Gov. Jay Inslee Wednesday announced a vaccination requirement for employees working in K-12, most childcare and early learning, and higher education, as well as an expansion of the statewide mask mandate to everyone, regardless of vaccination status.
The governor was joined for the announcement by state schools chief Chris Reykdal and Secretary of Health Dr. Umair A. Shah.
K -12 educators, school staff, coaches, bus drivers, school volunteers and others working in school facilities will have until October 18 to be fully vaccinated as a condition of employment. The requirement includes public, private and charter schools, and comes as schools across the state prepare to return for the 2021–22 school year amid rapidly increasing case and hospitalization numbers. This does not impact students, regardless of age.
“It has been a long pandemic, and our students and teachers have borne their own unique burdens throughout,” Inslee said. “This virus is increasingly impacting young people, and those under the age of 12 still can’t get the vaccine for themselves. We won’t gamble with the health of our children, our educators and school staff, nor the health of the communities they serve.”
Inslee also announced a vaccine requirement for employees in the state’s higher education institutions, as well as for most childcare and early learning providers who serve children from multiple households.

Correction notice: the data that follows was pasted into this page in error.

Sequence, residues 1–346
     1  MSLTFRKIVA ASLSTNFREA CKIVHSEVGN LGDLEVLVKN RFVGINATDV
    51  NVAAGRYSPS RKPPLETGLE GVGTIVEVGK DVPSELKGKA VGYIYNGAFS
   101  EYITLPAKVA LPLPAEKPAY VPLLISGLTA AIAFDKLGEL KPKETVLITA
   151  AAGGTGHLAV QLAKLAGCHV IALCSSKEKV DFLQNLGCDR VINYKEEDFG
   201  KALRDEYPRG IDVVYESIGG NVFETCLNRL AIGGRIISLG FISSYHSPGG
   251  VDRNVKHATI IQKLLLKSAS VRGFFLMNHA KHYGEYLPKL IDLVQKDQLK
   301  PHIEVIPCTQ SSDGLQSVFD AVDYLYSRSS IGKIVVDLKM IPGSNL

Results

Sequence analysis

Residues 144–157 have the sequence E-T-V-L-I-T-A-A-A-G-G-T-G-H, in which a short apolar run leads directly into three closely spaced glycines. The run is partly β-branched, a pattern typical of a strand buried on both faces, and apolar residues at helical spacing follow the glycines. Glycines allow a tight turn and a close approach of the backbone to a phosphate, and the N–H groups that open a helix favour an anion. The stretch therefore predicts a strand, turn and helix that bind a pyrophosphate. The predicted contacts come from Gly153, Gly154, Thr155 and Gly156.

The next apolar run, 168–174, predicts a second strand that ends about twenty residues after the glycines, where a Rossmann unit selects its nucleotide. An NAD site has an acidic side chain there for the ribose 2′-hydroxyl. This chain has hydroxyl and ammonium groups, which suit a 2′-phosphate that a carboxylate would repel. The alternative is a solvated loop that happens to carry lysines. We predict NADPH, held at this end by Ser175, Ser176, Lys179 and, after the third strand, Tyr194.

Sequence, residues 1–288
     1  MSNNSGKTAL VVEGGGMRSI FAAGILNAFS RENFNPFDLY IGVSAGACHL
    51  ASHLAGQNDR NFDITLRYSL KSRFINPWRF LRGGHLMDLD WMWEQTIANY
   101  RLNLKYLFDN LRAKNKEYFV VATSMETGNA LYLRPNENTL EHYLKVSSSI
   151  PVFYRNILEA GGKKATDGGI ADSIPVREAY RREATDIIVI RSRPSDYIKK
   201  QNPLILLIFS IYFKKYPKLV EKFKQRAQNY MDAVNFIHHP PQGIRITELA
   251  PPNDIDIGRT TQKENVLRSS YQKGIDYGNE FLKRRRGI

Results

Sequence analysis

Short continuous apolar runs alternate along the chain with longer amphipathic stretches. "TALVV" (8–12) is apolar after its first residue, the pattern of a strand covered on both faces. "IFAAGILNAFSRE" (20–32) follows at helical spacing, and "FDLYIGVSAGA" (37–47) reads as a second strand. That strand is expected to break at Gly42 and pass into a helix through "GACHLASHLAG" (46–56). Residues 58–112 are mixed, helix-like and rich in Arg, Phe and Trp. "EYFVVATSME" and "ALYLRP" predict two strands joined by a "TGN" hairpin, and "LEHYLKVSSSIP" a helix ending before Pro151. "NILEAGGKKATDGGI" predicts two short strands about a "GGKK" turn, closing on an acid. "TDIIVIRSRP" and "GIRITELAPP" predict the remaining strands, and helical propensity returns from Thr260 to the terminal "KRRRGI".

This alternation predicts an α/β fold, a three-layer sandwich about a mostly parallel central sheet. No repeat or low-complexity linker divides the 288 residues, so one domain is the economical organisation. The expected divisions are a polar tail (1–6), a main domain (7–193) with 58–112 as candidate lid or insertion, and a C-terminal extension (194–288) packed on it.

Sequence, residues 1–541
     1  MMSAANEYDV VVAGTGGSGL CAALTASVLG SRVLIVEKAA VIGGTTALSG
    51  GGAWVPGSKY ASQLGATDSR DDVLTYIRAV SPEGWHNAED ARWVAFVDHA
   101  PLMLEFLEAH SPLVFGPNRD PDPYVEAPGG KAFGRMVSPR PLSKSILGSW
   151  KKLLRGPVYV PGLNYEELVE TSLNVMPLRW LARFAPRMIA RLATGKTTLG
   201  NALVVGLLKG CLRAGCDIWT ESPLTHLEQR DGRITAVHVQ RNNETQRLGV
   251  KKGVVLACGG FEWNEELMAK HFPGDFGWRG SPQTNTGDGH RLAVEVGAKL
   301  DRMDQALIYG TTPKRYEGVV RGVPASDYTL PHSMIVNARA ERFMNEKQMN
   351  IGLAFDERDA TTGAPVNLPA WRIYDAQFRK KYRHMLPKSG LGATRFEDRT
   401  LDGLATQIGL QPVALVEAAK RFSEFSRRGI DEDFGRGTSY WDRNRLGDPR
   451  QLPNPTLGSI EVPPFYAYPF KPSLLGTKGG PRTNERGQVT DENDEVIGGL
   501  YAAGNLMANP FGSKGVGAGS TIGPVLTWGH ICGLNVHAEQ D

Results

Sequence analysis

Reykdal added: “As our school buildings reopen this fall for in-person learning, vaccination of our school employees will be a key mitigation measure to protect the health and safety of our students, staff and families. “Our ability to maintain continued in-person learning without major COVID-related disruptions will depend on low virus transmission within our schools.”
As with state employees and private healthcare workers, there will be no test out option. Unions may bargain with school districts to negotiate time off to receive the vaccine or recover from symptoms of the vaccine. Just like the state worker mandate, there are limited exceptions under law which employees may apply for, including legitimate medical reasons and sincerely held religious beliefs. Individuals who refuse to get vaccinated will be subject to dismissal.
“Going back to remote learning because of quarantine or school building closures due to COVID-19 transmission is a real threat this school year,” Reykdal said.
The governor also announced that the existing statewide mask mandate will be expanded to once again include vaccinated individuals in indoor settings.
The expansion comes after Washington recently broke the previous record for COVID hospitalizations set in December.
“Vaccines are safe and effective, but they take time to work,” Shah said.
The mask mandate will apply to most all public places across the state, including restaurants, grocery stores, malls and public-facing offices, regardless of vaccination status.
There will be limited exceptions when face coverings won’t be required, such as office spaces not easily accessible to the public where individuals are vaccinated, and when working alone indoors or in a vehicle with no public face-to-face interaction. Small, private indoor gatherings where all attendees are vaccinated are also exempt.
While not required, the Department of Health strongly recommends individuals also wear masks in crowded outdoor settings, such as outdoor concerts, fairs and farmers markets.